Overall: Great stand for the money. If you are looking to do some basic to intermediate repairs and maintenance, this is an awesome stand for you! If you are looking to start a repair shop, might as well invest in a Parks Tool Co. stand…

Bike Stand Part II – The GRIP!

So after some thinking and input from some people, I finally figured out a solution on the clamp on my bike stand. As you recall from previous posts, I was struggling to find a way to clamp the bikes into the stand and not have them twist and turn while clamped. In order to do this, I came up with the idea of taking an old bike tube and cutting it into sizable chunks then laying it over the wood blocks that I cut out for holding the seat posts.

I went to my local bike shop and they gave me a weird look when I asked for some old mountain bike tubes but after explaining what I was doing, the guy was really interested and asked me how I made it. I think he might make one, thats how pumped he was to hear about it.

Anyways, When I got back to the house, I found out that it was not going to be as easy as planned. Long story short, after fitting and trying to size it up multiple times, the old blocks just were not going to work. I made new block and then cut the tubes to size and made relief slits on top so the rubber would fold flat against the wood.

and the test…. YES! It works! I can now crank on the bike if need be (crank pulling (no pun intended), bottom bracket removal, etc).

I forgot to take a pic of the wood block so I will do those once I get the chance and just add it onto this post.

DIY Project 1= check!

DIY Bike Stand Tray

So as I was looking at the bike stands online, I came up with another idea… A bike repair stand tray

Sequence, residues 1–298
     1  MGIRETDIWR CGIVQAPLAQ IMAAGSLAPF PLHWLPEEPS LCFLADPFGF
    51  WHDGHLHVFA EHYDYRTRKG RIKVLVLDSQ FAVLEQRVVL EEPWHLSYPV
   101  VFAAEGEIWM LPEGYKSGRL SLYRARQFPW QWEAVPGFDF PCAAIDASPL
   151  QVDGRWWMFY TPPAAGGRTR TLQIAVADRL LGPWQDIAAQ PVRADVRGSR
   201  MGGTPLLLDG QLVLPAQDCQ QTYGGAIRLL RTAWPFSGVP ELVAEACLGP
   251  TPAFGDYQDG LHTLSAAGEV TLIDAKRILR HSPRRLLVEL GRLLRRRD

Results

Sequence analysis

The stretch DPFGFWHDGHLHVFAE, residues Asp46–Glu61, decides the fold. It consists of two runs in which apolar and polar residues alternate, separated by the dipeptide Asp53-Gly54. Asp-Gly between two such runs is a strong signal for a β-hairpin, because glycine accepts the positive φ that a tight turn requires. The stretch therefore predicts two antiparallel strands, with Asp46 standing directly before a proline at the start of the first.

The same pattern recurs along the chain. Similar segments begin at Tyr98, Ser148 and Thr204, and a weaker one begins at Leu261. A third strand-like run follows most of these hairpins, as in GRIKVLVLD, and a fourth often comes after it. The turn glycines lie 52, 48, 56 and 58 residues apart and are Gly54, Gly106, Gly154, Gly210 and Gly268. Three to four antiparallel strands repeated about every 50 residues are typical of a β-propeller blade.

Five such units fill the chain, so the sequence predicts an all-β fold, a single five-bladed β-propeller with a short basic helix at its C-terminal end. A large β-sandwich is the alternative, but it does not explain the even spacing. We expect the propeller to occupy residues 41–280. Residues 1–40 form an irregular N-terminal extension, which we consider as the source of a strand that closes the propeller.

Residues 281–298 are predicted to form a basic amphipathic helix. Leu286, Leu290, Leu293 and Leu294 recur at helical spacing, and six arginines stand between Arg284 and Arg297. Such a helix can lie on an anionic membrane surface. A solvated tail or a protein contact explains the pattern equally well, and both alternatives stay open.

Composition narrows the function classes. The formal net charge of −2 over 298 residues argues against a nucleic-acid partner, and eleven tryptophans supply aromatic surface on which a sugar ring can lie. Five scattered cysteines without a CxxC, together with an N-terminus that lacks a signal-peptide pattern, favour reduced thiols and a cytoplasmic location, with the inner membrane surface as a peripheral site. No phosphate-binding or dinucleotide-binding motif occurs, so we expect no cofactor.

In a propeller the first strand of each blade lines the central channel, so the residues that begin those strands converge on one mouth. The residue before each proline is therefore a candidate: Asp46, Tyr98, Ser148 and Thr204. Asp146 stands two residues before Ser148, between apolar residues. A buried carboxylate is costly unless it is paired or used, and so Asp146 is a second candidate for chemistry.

Mechanics use trays to hold tools, parts, coffee, anything they need really.


Here is how I made mine…


Tools List:


-Finishing nails or regular nails (depends on the look you want)

-Saw to cut wood


Parts List:

-Piece of plywood (size depends on how big you would like the tray, I found a scrap piece I had kicking around that is about 18″ long and 9″ wide)

-Wood for edges (size depends on how deep you want the tray, I found scrap again and that was 1″x2″ high)

-1″ U-pole clamp (hint: found in the electrical section of Home Depot)


I cut the plywood down to size that I wanted. I then drilled a 1″ hole about 1″ in from the back and in the centered the hole. Once I drilled that, I tested it for size on the 60″ rigid pipe. Hint: if it is too big, put duct tape around the pole and slide the tray over that! Once you see that it fits, Pull it off and cut the edge pieces to proper length. Nail into side of plywood. Place the U-clamp in position of how high you want the tray to sit. Tighten the U-clamp and slide tray over the top so it sits on the U-clamp. And… DONE! Quick and simple yet very useful (and it save the back!).

Top view: notice how I used duct tape to help shim around the hole of the tray

U-Clamp (found in electrical section of Home Depot) which the tray just sits on

Another view of the tray top and edges


Remember to post pics of YOURS!!

DIY Bike Repair Stand Thoughts

I was just thinking of ways to improve this stand. With the towel wrapped around the seat post, the bike can twist (not ideal). I tried using some foam pipe insulation that I had laying around but that didn’t do much…


I am trying to find some sort of rubber (maybe a old bike tube) that I could use that is not smooth and would “catch” the seat post. I am thinking I might just have to go riding more to get a new tube or take a visit to the LBS to see if they have any laying around.


Any ideas about what I could use?

The start…

I am just about to start on a bunch of projects…

-Homemade bike repair stand

-swapping frames from an ’10 to ’06 Rockhopper (’10 frame is too big for me, I found out)

-Finishing my Fixie

-Making a beer bottle cap table

-DIY fairing for a roof rack (proving to be quite a bit of thinking going into planning for this one)

I will be slowly but surely knocking them off the list…. so stay tuned